Nav: Home

NASA gets a last look at Tropical Depression Enawo's final bow

March 10, 2017

Ex-tropical Cyclone Enawo moved off the southern coast of Madagascar and strengthened back into a tropical storm for a brief period before weakening to a depression. NASA's Terra satellite captured a look at the storm as wind shear continued to batter the storm weakening it further.

Enawo regenerated off the southeastern coast of Madagascar on March 10 at 0000 UTC (Mar. 9 at 7 p.m. EST) when it was about 434 nautical miles (499 miles/ 804 km) southeast of Europa Island. Enawo's maximum sustained winds spun up to 45 knots (51.7 mph/83.3 kph) as the reborn storm moved to the south-southeast at 22 knots (25.3 mph/40.7 kph).

When NASA's Terra satellite flew over Tropical Depression Enawo on March 10 at 0515 UTC (12:15 a.m. EST) the Moderate Resolution Imaging Spectroradiometer or MODIS instrument took a visible light picture of the storm. The image revealed that moderate to strong vertical wind shear had stretched out the clouds associated with the low pressure area. The bulk of the depression's clouds were pushed south of the center.

By 1500 UTC (10 a.m. EST), vertical wind shear battering the storm had weakened its maximum sustained winds to 30 knots (34.5 mph/55.5 kph). It was located about 557 nautical miles (641 miles/1,032 km) southwest of St. Denis, La Reunion Island and was moving to the southeast at 13 knots (14.9 mph/24.0 kph). At that time, the Joint Typhoon Warning Center (JTWC) in Pearl Harbor, Hawaii said "Animated multispectral satellite imagery showed the low level circulation has unraveled and the associated convection has collapsed and dispersed due to high vertical wind shear."

That statement marked the JTWC's final warning on Enawo as the system was being sheared apart in the Southern Indian Ocean.

Rob Gutro NASA's Goddard Space Flight Center
-end-


NASA/Goddard Space Flight Center

Related Depression Articles:

Tackling depression by changing the way you think
A thought is a thought. It does not reflect reality.
How depression can muddle thinking
Depression is associated with sadness, fatigue and a lack of motivation.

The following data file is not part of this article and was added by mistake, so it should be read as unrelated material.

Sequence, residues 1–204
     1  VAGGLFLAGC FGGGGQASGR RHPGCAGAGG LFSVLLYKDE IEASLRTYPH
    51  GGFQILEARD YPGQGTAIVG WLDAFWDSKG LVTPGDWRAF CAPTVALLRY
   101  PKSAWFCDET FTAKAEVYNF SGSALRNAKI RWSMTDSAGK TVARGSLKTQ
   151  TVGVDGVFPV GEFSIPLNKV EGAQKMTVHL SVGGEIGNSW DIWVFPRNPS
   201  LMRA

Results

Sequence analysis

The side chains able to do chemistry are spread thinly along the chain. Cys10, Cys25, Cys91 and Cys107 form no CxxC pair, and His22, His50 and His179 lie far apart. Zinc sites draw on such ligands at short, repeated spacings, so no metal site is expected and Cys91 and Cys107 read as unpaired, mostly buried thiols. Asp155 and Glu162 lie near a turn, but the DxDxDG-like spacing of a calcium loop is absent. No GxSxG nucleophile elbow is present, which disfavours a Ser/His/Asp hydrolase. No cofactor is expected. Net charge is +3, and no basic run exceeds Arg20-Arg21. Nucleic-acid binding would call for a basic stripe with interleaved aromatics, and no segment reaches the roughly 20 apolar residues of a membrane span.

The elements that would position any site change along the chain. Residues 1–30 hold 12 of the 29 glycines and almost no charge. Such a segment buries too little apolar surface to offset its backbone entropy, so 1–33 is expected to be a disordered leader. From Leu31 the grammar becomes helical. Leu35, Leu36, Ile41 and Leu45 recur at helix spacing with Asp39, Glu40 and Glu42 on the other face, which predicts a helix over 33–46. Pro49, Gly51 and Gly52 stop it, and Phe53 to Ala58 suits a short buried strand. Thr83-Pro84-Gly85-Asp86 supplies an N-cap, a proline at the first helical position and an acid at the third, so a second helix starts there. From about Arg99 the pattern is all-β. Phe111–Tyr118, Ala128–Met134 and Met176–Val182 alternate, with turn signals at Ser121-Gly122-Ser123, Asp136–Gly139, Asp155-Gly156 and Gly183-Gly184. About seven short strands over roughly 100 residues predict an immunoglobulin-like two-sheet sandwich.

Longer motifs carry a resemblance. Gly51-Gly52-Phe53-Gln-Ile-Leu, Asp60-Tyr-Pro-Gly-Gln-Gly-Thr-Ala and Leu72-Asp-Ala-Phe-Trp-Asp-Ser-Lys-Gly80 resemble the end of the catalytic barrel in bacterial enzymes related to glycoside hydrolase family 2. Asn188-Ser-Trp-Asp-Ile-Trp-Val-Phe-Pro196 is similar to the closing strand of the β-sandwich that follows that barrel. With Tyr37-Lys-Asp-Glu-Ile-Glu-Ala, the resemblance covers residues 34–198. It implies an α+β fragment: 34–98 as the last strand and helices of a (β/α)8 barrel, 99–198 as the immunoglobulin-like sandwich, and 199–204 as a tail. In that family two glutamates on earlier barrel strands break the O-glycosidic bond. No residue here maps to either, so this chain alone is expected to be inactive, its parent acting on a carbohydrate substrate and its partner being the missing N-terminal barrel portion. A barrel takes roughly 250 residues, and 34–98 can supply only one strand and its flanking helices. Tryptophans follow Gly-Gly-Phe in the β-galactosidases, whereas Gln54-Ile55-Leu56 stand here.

Neuroimaging categorizes 4 depression subtypes
Patients with depression can be categorized into four unique subtypes defined by distinct patterns of abnormal connectivity in the brain, according to new research from Weill Cornell Medicine.
Studies suggest inflammatory cytokines are associated with depression and psychosis, and that anti-cytokine treatment can reduce depression symptoms
Studies presented at this year's International Early Psychosis Association meeting in Milan, Italy, (Oct.
Is depression in parents, grandparents linked to grandchildren's depression?
Having both parents and grandparents with major depressive disorder was associated with higher risk of MDD for grandchildren, which could help identify those who may benefit from early intervention, according to a study published online by JAMA Psychiatry.
Postpartum depression least severe form of depression in mothers
Postpartum depression -- a household term since actress Brooke Shields went public in 2005 about her struggle with it -- is indeed serious.
Tropical Depression 1E dissipates
Tropical Depression 1E or TD1E didn't get far from the time it was born to the time it weakened to a remnant low pressure area along the southwestern coast of Mexico.
Diagnosing depression before it starts
MIT researchers have found that brain scans may identify children who are vulnerable to depression, before symptoms appear.
Men actually recommend getting help for depression
Participants in a national survey read a scenario describing someone who had depressed symptoms.
Depression too often reduced to a checklist of symptoms
How can you tell if someone is depressed? The Diagnostic and Statistical Manual of Mental Disorders (DSM) -- the 'bible' of psychiatry -- diagnoses depression when patients tick off a certain number of symptoms on the DSM checklist.

Related Depression Reading:

Best Science Podcasts 2019

We have hand picked the best science podcasts for 2019. Sit back and enjoy new science podcasts updated daily from your favorite science news services and scientists.
Now Playing: TED Radio Hour

Don't Fear Math
Why do many of us hate, even fear math? Why are we convinced we're bad at it? This hour, TED speakers explore the myths we tell ourselves and how changing our approach can unlock the beauty of math. Guests include budgeting specialist Phylecia Jones, mathematician and educator Dan Finkel, math teacher Eddie Woo, educator Masha Gershman, and radio personality and eternal math nerd Adam Spencer.
Now Playing: Science for the People

#517 Life in Plastic, Not Fantastic
Our modern lives run on plastic. It's in the computers and phones we use. It's in our clothing, it wraps our food. It surrounds us every day, and when we throw it out, it's devastating for the environment. This week we air a live show we recorded at the 2019 Advancement of Science meeting in Washington, D.C., where Bethany Brookshire sat down with three plastics researchers - Christina Simkanin, Chelsea Rochman, and Jennifer Provencher - and a live audience to discuss plastics in our oceans. Where they are, where they are going, and what they carry with them. Related links:...